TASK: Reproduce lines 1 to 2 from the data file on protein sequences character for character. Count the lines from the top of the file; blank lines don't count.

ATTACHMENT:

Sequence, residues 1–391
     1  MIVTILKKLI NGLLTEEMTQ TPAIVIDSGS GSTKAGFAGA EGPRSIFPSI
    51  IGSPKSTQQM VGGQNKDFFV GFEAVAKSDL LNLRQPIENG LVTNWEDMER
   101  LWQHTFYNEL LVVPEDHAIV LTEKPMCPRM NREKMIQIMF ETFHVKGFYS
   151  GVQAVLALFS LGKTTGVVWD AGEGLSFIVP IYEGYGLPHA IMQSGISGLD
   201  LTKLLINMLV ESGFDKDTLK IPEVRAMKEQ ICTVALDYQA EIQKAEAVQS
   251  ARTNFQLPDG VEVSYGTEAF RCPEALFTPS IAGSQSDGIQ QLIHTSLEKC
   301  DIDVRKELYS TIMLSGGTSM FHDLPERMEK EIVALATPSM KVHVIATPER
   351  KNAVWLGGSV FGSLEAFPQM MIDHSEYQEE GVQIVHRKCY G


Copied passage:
Sequence, residues 1–391
     1  MIVTILKKLI NGLLTEEMTQ TPAIVIDSGS GSTKAGFAGA EGPRSIFPSI